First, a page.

These capabilities need to be usable. Not many people are familiar with meta-models such as SKOS and DCAT, for example. There are repositories with domain models that Atlas could draw from to give users a quick win. Hortonworks and IBM people said they are aware, and added the quick win they are aiming for is to give Atlas the ability to instantly capture metadata upon connecting to Hadoop.
But even that may not enough. In the end, it all comes down to adoption and industry support. Schema.org succeeded in part because of the industry support it garnered. With practically all major search engines supporting it, it would be hard to ignore. What about Atlas, though? What kind of support can we expect to see there?
To answer this question, we need to understand vendor dynamics and strategy. The fact that Hortonworks and IBM are in this together is part of a broader strategic alliance between them that started last year.
IBM has given up on its own Hadoop distribution, and formed a partnership with Hortonworks. We've seen something similar in the past, when Intel dropped its own distribution to go with Cloudera's, but this is different.
Hortonworks and IBM go back to the ODPi days. ODPi is an initiative aiming to standardize Hadoop distributions, but it never got much traction. It was basically Hortonworks and IBM, as Cloudera and MapR were not interested. It makes sense on their side, as this would be undermining their strategies.
Now that IBM and Hortonworks are working closely together, ODPi is being repurposed into what they hope will become an ecosystem for Dataplane. Even though Dataplane is not production ready in its entirety yet (Dataplane went GA in September 2017, but not all extensible services are there at this point), the vision is to enable other vendors to plug into it to do tasks such as data wrangling for example.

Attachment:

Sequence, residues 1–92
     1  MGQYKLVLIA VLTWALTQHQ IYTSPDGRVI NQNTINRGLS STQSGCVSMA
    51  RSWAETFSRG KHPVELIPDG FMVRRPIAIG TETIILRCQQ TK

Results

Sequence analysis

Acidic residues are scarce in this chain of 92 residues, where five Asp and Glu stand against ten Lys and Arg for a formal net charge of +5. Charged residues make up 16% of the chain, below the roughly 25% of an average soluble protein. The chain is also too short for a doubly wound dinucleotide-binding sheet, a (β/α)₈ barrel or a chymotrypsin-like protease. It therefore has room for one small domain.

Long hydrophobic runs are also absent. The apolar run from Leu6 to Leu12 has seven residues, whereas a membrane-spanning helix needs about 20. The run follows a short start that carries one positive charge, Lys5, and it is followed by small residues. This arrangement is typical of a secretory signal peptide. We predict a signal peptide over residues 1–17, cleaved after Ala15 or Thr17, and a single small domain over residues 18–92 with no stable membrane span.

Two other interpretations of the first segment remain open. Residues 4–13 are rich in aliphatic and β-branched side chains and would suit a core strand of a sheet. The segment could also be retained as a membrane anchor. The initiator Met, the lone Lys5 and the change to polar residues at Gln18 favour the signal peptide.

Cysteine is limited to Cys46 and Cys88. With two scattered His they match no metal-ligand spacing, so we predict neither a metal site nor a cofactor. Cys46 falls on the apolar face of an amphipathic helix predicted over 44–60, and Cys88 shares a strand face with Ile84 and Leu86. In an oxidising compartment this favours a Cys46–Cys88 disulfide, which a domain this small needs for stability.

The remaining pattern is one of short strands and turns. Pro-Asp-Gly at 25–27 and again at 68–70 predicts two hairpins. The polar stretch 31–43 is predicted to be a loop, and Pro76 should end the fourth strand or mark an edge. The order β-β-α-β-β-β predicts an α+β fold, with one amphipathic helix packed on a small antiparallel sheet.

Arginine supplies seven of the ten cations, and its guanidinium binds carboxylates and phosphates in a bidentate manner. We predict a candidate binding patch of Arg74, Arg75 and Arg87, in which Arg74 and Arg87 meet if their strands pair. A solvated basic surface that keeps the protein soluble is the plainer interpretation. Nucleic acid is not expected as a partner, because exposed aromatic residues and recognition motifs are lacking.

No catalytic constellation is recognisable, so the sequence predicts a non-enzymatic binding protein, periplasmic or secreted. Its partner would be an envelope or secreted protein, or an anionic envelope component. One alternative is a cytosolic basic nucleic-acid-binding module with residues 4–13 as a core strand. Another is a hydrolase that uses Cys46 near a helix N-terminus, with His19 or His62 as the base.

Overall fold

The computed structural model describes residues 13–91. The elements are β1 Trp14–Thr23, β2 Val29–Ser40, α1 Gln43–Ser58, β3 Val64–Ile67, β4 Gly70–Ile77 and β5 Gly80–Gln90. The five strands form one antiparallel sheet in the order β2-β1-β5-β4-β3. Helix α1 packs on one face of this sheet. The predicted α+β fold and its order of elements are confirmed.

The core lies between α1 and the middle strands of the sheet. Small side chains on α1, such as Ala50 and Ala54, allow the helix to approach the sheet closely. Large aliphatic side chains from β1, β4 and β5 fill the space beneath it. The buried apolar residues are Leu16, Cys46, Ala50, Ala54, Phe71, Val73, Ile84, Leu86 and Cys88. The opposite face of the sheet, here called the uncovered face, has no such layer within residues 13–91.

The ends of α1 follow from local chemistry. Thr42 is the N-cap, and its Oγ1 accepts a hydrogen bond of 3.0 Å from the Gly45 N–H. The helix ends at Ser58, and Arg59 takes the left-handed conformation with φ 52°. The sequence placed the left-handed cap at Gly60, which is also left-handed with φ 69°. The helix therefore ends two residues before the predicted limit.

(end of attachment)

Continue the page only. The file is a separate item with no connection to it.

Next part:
How this will play out remains to be seen. What we can note is that IBM is a key partner for Hortonworks. Being the Hadoop distribution of choice for IBM does not only mean getting access to its clients, but also embarking on joint development projects as Dataplane goes to show. IBM's DataWorks, for example, is now on its way to becoming part of Dataplane as DSX (Data Science Experience).
This is a great strength for Hortonworks, as combined with the evolution of Hadoop it means it can now match other vendors in every aspect. Note how closely Cloudera's SDX (Shared Data Experience) seems to resemble Dataplane, for example -- or how using Hadoop with containers, or having it serve as the substrate for AI, both of which were pioneered by MapR, are now within Hortonworks' reach, too.
The theme is common across vendors: Hadoop is hosting a good part of the world's datasets, and facilitating their growth. It makes sense to use it as a platform to bring the applications to where the data is, and we will continue to see this happening.
There is enough innovation to get attention, but more importantly, there is enough maturity to be productive.
Note: The original version of this article was amended to clarify that Dataplane has been GA since September 2017, but not all of its extensible services are GA at this point.
Previous and related coverage
With the move, Adobe is looking to give marketers direct access to big data and Hadoop.
Last week I wrote about a 300 node cluster using Raspberry Pi (RPi) microcomputers. But can you do useful work on such a low-cost, low-power cluster? Yes, you can. Hadoop runs on massive clusters, but you can also run it on your own, highly-scalable, RPi cluster.
MapR just announced QSS, a new offering that enables the training of complex deep learning algorithms. We take a look at what QSS can offer, and examine AI on the Hadoop landscape.